Most boring, but still vitally important, our quest to waterproof the cabin is nearly over.

As I roam the junkyard, I constantly hoover up widgets, brackets, hardware...anything that looks interesting/potentially useful, so I have a good selection of body plugs and my oh my does the Z have a lot of holes to fill.

I think we're down to nine holes left to fill, six of which are the mounting holes for the bumper shocks in the rear.

Should be all buttoned up with one more junkyard trip, now I know specifically what I need.

 

After her fourth water test, the glass appears to be totally weathertight.

We're trying to be extra careful about water intrusion because we plan on extensively Dynamatting (or a similar product) the interior and leaks will be hard to see after that.

Starting with such a rust free car, we're mindful not to let her rot on our watch.

 

Electrical work began by laying out the main power skeleton using a GM power distribution block as the cornerstone.

Z230.jpg

 

From left to right, we have:

-+12v to the front relay/fuse cluster (headlights, horn, driving lights and efan)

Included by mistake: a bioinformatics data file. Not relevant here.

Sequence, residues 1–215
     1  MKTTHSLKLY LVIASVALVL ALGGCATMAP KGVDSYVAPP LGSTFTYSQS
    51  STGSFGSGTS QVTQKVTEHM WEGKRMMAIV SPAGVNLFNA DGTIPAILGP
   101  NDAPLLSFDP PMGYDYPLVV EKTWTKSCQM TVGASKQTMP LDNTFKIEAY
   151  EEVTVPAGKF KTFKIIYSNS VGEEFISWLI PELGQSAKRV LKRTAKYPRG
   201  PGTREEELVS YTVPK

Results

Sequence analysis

-alternator

-starter

-+12v to the cabin

 

This basic power structure finally made it easy to do a compression test, something we've blithely ignored as we concentrated on the body. Although we've always planned on swapping the engine, Stage 1 of the project assumed we'd be able to at least get running on the stock drivetrain as we worked through bugs in the suspension, steering and brakes.

We'd like to evaluate the basic platform before deciding how much/what kind of power to apply.

The compression was awful, three cylinders in the 45psi range.

 

Hoping for the best (while fearing the worst) we hail Mary-ed with everyones favorite "mechanic in a bottle", MMO.